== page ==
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NewsBios Spotlight Volume 21 | May 1, 2007

NewsBios Presents: What You Won't Find in Marcus Brauchli's Official Biography

Part One:  Brauchli’s Liberal Roots

Marcus Walker Brauchli, who becomes managing editor of The Wall Street Journal on May 15, 2007, grew up in the mostly liberal college town of Boulder, Colorado, and is the son of a Boulder attorney who is known nationally as a liberal blogger and columnist.

Brauchli, who goes by Marcus (not Marc) and whose name is pronounced just like the cruciferous vegetable, assumes the helm of a paper whose editorial page is a bastion of American conservative thought – but whose newsroom is more politically heterogeneous.

The day after Brauchli was named to succeed current WSJ Managing Editor, Paul E. Steiger, Brauchli’s appointment was celebrated by the politics and current events blog, Spot-on.com, for which Marcus’ father, Christopher R. Brauchli, is a regular contributor.

“They’ve got the apple but we’ve got the tree,” beamed journalist Chris Nolan, who founded Spot-on.com (then called “Politics from Left to Right”) in 2003.

Marcus’s father, Christopher, earned his law degree at the University of Colorado after graduating from Harvard University.  The elder Brauchli is a former President of the Colorado Bar Association and founder of its Lend-a-Lawyer program, which provides legal services to what it terms the “less fortunate members of society.”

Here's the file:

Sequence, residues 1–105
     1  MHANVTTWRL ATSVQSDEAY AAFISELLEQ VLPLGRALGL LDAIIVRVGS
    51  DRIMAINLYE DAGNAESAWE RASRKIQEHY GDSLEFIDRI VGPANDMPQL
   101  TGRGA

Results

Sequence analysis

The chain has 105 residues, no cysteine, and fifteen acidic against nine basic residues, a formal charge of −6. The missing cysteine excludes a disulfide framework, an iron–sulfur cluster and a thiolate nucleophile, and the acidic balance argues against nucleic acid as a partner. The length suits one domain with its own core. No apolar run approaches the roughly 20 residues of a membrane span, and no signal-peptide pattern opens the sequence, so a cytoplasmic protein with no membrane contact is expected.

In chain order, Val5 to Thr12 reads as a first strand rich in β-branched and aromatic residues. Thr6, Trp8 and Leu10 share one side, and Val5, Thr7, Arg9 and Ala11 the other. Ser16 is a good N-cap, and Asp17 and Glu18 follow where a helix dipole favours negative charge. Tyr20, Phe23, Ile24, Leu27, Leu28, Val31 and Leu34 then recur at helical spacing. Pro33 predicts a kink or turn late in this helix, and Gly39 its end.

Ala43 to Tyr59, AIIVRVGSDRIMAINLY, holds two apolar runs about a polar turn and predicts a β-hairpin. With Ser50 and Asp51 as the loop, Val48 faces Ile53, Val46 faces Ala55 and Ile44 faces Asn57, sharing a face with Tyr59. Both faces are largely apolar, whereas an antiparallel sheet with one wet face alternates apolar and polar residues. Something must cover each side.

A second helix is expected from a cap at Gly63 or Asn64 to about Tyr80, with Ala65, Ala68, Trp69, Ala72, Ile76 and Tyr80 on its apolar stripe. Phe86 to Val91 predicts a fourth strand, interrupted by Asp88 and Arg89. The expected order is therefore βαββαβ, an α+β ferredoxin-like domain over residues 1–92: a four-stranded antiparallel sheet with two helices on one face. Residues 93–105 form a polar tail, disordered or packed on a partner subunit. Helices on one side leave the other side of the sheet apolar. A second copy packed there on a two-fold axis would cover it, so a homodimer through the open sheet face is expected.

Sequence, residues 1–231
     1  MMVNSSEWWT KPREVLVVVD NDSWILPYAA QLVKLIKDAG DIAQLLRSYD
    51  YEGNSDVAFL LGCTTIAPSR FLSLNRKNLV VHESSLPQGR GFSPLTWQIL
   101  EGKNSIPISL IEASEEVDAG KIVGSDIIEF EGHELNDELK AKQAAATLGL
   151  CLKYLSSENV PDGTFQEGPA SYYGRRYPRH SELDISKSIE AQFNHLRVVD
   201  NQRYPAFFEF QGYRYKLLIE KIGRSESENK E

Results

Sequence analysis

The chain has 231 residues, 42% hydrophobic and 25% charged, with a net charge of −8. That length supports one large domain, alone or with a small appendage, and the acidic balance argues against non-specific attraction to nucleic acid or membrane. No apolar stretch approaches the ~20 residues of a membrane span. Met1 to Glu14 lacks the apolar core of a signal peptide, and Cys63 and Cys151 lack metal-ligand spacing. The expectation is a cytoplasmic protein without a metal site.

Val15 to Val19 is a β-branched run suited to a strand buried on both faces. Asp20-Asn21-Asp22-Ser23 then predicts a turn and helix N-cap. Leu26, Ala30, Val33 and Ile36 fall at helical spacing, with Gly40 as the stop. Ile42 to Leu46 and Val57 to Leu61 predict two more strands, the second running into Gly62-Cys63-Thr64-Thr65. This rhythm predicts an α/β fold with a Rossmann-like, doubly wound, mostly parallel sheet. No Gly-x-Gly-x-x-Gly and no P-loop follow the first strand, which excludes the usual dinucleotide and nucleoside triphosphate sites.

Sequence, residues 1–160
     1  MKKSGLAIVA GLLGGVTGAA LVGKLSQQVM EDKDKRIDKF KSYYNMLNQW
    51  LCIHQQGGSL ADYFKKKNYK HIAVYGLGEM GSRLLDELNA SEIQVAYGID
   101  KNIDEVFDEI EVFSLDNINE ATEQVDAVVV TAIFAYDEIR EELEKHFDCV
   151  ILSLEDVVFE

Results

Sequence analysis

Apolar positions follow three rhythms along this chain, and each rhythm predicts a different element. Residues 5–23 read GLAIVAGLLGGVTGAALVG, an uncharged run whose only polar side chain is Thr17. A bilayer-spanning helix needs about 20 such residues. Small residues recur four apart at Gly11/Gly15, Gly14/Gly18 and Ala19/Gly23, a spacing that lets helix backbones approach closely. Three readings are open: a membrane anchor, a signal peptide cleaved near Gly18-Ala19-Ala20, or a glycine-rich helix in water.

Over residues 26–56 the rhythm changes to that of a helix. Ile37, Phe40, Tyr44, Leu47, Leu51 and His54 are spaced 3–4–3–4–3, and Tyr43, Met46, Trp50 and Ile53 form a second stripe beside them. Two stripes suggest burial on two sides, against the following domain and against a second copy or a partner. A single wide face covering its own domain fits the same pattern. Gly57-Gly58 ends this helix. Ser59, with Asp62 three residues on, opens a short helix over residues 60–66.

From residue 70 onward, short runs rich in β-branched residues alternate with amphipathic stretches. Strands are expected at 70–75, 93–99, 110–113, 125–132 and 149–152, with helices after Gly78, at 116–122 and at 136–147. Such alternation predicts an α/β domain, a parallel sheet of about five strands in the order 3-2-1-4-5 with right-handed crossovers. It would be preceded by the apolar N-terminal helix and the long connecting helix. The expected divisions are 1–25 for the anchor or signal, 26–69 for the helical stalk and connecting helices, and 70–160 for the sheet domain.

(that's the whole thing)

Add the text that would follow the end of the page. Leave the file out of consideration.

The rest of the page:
Both Christopher R. Brauchli and Marcus’s mother, Margot, are listed by the ACLU Foundation of Colorado as “Protectors of the Bill of Rights” donors -- $501 to $1,000 – in the foundation’s 2003-2004 annual report.

Margot Brauchli is also listed as a donor to various Colorado Democratic candidates as well as the Democratic National Committee by the website, newsmeat.com.

Margot has been a lifetime supporter of the arts in Boulder, and according to the Daily Camera is a co-founder of the Boulder Bach Festival and Jarrow Montesori.

Margot is the granddaughter of Col. Joseph Harvey Long, a founder of The (West Virginia) Herald-Dispatch.  She is the youngest child of Paul Walker Long, the son of Col. Long.

In April 2003, Marcus and his family visited Huntington, West Virginia, to learn more about their journalistic legacy.  “All these years, I’ve been reading all these biographies, and it occurred to me I didn’t know enough about my own family history,” Marcus told the local newspaper.